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Nearly a year later, most Americans oppose Supreme Court's decision overturning Roe

Protesters filled the street in front of the Supreme Court after the court's decision to overturn <em>Roe v. Wade</em> on June 24, 2022. Nearly a year later, <em></em>61% of respondents to a new Gallup poll said overturning <em>Roe </em>was a "bad thing."
Jacquelyn Martin
Protesters filled the street in front of the Supreme Court after the court's decision to overturn Roe v. Wade on June 24, 2022. Nearly a year later, 61% of respondents to a new Gallup poll said overturning Roe was a "bad thing."

A growing majority of Americans support legal abortion in at least the early months of pregnancy, but the public has become more politically divided on the issue, according to a new Gallup poll.

The data, released days before the one-year anniversary of the U.S. Supreme Court decision in Dobbs v. Jackson Women's Health Organization decision that overturned decades of precedent, suggests continued growth in public support for abortion rights. It comes at a time when many states are implementing new restrictions, which often include only limited exceptions for medical emergencies.

A year after Dobbs, 61% of respondents said overturning Roe was a "bad thing," while 38% said it was a "good thing."

Lydia Saad, Gallup's director of U.S. social research, says overall, the data suggests that Dobbs "galvanized people who were already supportive of abortion rights. ...We've seen an increase in Democrats identifying as pro-choice, supporting abortion rights at every stage. It's really a very defensive posture, protecting abortion rights in the face of what they view as this assault."

Long-term data from Gallup indicates growing support for abortion rights: 13% of survey respondents said abortion should be illegal in "all circumstances," down from 22% when the question was first asked in 1975. In this year's survey, 34% said abortion should be legal "under any circumstances," up from 21% that first year.

For decades, a slight majority of the American public – 51% this year and 54% in 1975 – has made up a middle group which says that abortion should be legal "only under certain circumstances."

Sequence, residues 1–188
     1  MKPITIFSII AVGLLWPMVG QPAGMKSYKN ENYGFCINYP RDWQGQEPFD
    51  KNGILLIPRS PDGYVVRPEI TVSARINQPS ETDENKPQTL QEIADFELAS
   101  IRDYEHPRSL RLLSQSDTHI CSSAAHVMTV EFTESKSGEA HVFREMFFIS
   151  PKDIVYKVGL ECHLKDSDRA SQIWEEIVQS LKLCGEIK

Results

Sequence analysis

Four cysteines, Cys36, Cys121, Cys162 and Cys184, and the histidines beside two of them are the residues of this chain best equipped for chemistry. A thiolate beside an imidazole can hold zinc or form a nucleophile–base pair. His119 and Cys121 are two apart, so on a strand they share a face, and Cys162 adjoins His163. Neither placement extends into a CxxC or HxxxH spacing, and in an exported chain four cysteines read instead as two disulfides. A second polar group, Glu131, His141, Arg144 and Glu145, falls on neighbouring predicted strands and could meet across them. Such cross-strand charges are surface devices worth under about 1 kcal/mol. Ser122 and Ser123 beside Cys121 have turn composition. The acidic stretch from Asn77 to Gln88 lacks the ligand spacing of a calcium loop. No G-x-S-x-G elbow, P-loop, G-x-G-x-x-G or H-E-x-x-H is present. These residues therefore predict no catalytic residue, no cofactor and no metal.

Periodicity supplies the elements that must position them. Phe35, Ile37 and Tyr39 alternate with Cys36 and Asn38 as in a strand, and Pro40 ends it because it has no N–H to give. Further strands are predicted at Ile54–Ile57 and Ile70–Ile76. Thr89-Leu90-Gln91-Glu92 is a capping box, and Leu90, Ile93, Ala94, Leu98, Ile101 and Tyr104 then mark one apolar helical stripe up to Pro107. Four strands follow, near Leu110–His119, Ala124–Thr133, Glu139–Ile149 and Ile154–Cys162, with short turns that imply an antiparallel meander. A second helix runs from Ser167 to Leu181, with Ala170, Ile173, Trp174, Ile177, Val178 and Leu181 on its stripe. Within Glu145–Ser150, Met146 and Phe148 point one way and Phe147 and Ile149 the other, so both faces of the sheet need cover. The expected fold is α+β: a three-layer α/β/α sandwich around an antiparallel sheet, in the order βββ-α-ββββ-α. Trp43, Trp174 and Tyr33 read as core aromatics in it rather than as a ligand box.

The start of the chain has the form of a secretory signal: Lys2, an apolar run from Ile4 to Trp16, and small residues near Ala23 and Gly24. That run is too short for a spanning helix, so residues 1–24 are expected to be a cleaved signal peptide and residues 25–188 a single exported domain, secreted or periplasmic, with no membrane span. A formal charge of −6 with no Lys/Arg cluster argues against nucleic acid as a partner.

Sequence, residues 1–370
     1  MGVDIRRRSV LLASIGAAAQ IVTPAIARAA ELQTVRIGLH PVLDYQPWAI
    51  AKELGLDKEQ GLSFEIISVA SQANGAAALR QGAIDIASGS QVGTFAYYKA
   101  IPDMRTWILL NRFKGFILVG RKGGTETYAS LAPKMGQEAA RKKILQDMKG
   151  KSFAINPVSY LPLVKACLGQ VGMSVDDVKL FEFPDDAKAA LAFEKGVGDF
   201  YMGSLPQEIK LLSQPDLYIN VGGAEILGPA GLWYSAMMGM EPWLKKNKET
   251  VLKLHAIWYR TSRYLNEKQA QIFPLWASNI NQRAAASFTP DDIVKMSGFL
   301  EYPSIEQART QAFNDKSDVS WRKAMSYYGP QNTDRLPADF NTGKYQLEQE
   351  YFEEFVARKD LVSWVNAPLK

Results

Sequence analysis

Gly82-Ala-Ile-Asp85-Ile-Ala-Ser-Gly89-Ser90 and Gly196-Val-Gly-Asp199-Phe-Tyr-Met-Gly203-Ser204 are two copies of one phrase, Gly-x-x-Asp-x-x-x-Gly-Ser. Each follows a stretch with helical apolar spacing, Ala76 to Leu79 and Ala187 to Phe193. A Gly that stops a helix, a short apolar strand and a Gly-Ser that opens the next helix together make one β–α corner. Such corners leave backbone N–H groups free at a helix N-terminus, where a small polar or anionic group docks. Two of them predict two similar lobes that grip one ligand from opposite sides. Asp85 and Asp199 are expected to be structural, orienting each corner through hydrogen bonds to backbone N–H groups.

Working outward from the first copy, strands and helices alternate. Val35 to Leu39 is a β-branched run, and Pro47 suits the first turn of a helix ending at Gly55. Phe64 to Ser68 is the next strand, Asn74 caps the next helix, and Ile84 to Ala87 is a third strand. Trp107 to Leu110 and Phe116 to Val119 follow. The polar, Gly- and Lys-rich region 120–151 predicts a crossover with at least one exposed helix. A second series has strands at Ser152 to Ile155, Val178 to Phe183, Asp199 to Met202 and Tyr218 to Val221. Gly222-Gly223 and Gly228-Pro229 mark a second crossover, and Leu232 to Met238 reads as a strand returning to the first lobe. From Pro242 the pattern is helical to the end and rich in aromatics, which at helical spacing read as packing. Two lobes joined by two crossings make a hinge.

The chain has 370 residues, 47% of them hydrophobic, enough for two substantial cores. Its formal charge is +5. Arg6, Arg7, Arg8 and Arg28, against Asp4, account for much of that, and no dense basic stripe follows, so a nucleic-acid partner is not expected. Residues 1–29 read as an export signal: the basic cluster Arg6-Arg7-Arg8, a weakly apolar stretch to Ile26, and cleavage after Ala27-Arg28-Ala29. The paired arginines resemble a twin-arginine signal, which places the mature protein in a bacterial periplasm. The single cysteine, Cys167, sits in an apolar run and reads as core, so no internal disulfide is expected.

Support for legal abortion wanes as a pregnancy progresses, but the survey found record-high support for abortion access in the first trimester, at 69%.

Saad said she believes that reflects growing dissatisfaction with laws in some states that restrict abortions around six weeks of pregnancy or earlier.

"We've crossed a line where having abortion not legal, even up to the point of viability ... is just a step too far for most Americans," Saad said.

The poll also found a deepening partisan divide on the issue of abortion; 60% of Democrats said it should be "legal under any circumstances," up dramatically from 39% as recently as 2019. Just 8% of Republicans, meanwhile, say the procedure should be legal in all circumstances, a number that has been on a long-term downward trajectory.

Gallup also is releasing data that suggests strong and growing support for legal access to the abortion pill mifepristone, which is at the center of a federal court case filed by anti-abortion-rights groups seeking to overturn the Food and Drug Administration approval of the pill.

The survey found that 63% of Americans believe the pill should be available with a prescription. According to Gallup, after the FDA approved a two-drug protocol involving mifepristone in 2000, 50% of Americans said they supported that decision.

The survey was conducted from May 1-24 among 1,011 adults as part of Gallup's Values and Beliefs poll.

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Sarah McCammon
Sarah McCammon is a National Correspondent covering the Mid-Atlantic and Southeast for NPR. Her work focuses on political, social and cultural divides in America, including abortion and reproductive rights, and the intersections of politics and religion. She's also a frequent guest host for NPR news magazines, podcasts and special coverage.